For the most part this article is a summary of Britannica's Fascism article. That article is a detailed, interesting, and valuable read. Unfortunately, because it is so long it can be a challenging read for many people. I've done my best to summarize the article here plus round it out a bit with material from other sources.
Topics covered in this article:
- Defining fascism
- How to identify a fascist
- Fascist characteristics
- Strategies fascists use to promote themselves
- Further reading
1. Defining Fascism
Let's consider several definitional sources:
- Fascism: Philosophy of government that stresses the primacy and glory of the state, unquestioning obedience to its leader, subordination of the individual will to the state's authority, and harsh suppression of dissent. Martial virtues are celebrated, while liberal and democratic values are disparaged.
- A political philosophy, movement, or regime (such as that of the Fascisti) that exalts nation and often race above the individual and that stands for a centralized autocratic government headed by a dictatorial leader, severe economic and social regimentation, and forcible suppression of opposition
- A tendency toward or actual exercise of strong autocratic or dictatorial control
- Fascism is a set of right-wing political beliefs that includes strong control of society and the economy by the state, a powerful role for the armed forces, and the stopping of political opposition.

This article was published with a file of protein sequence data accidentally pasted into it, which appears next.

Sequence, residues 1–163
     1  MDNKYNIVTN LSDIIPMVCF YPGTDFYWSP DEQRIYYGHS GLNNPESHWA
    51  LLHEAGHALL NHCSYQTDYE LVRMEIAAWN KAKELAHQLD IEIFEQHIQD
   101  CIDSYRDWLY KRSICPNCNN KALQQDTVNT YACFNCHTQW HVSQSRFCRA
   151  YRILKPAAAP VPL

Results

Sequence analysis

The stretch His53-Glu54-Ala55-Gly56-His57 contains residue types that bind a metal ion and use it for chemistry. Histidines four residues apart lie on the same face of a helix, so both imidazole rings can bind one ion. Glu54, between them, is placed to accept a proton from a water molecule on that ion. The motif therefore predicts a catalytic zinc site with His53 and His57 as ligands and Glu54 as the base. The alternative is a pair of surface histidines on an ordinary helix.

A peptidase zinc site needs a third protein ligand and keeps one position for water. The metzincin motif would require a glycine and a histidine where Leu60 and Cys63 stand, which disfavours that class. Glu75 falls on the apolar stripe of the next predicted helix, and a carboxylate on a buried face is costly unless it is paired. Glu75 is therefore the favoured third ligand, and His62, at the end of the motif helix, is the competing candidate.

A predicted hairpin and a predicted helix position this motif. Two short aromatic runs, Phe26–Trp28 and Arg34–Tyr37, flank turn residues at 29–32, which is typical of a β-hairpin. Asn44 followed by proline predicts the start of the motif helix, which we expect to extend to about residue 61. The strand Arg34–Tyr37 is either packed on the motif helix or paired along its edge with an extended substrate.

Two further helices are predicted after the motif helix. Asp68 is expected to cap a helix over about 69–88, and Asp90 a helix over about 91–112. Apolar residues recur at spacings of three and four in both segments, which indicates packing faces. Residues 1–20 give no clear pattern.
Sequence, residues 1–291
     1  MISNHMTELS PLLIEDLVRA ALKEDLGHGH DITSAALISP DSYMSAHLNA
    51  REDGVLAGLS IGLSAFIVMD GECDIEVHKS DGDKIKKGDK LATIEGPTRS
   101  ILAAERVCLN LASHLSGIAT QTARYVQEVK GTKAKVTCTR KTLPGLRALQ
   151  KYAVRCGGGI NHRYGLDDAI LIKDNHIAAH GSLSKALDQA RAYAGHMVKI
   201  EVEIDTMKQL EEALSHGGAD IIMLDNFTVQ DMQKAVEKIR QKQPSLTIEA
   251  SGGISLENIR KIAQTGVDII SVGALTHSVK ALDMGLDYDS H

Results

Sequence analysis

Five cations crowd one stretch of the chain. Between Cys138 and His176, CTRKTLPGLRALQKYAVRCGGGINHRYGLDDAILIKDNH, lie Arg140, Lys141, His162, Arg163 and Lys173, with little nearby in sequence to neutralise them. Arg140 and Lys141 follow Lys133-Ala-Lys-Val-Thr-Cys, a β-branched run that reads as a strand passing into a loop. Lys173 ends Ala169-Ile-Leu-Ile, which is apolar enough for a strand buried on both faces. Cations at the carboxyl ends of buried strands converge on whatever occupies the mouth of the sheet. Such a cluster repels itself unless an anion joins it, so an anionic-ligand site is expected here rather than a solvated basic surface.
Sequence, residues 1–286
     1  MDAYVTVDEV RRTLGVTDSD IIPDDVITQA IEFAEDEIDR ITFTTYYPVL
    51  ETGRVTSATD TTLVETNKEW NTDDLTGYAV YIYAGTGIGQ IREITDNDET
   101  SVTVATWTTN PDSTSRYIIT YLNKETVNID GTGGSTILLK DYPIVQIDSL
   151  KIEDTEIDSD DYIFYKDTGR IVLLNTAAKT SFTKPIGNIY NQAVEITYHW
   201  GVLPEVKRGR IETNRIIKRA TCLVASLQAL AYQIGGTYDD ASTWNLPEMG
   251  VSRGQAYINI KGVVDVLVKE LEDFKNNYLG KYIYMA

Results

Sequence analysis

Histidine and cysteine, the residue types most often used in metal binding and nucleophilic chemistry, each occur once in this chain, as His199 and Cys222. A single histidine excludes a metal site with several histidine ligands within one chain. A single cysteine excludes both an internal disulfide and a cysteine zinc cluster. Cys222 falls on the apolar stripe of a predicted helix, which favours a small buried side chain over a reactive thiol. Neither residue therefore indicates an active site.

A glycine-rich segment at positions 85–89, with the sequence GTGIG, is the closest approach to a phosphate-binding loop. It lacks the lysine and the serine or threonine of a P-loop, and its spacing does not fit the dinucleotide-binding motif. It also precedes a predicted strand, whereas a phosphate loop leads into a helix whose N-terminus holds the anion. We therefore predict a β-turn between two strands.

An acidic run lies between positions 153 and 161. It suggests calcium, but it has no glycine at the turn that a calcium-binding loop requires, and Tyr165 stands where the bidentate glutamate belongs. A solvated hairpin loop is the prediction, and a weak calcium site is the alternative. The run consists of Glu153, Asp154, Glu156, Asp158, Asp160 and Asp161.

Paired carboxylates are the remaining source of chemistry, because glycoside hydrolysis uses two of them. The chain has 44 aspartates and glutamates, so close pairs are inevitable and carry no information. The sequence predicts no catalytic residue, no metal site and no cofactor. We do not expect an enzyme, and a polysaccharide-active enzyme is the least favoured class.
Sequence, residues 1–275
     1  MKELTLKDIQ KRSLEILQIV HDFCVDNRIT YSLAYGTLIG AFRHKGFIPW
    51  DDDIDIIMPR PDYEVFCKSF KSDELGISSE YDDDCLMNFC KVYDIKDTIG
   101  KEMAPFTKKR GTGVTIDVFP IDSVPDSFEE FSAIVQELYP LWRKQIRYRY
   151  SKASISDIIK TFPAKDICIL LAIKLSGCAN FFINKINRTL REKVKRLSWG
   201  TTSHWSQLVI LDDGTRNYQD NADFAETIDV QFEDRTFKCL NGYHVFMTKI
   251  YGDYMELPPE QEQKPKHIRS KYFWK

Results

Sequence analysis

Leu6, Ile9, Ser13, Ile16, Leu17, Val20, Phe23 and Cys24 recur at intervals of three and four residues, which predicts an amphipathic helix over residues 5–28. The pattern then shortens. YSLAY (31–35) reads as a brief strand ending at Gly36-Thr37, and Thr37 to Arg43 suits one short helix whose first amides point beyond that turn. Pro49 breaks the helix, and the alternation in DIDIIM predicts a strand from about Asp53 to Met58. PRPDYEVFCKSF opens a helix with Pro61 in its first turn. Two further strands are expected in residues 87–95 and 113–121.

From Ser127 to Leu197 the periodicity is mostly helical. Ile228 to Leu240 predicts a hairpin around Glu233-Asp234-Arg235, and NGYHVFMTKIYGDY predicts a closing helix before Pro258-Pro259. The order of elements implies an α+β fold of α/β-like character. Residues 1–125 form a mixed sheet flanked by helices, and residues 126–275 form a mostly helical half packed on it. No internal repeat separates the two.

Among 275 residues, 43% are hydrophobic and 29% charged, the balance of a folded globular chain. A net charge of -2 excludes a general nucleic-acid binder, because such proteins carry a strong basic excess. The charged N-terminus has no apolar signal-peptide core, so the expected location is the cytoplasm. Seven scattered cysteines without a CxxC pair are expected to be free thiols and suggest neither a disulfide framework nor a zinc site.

- A right-wing nationalist ideology or movement with a totalitarian and hierarchical structure that is fundamentally opposed to democracy and liberalism.
2. How to Identify a Fascist
Here is my advice:
- There are no hard and fast rules. Although I provide lists of characteristics in the next two sections, I can't honestly say someone or a movement needs to exhibit X characteristics to positively say that they're fascists. I can say, however, that the more characteristics they exhibit, the greater the chance that they're fascists.
- Once it's obvious, it's too late. If you wait for parades of people goosestepping down main street, it's too late. If you wait for people to be wearing swastikas on arm bands, it's too late. If you wait for people to be rounding up groups of other types of people, it's too late.
- Look at what they do, not what they say. Fascists will spin stories to try to convince you that they're not fascists, that they're good people just like you. Or they'll claim that what's happening isn't their fault, that "others" got out of hand. Or they simply lie to you and tell you that what you're seeing isn't actually happening, or that others are doing it, not them.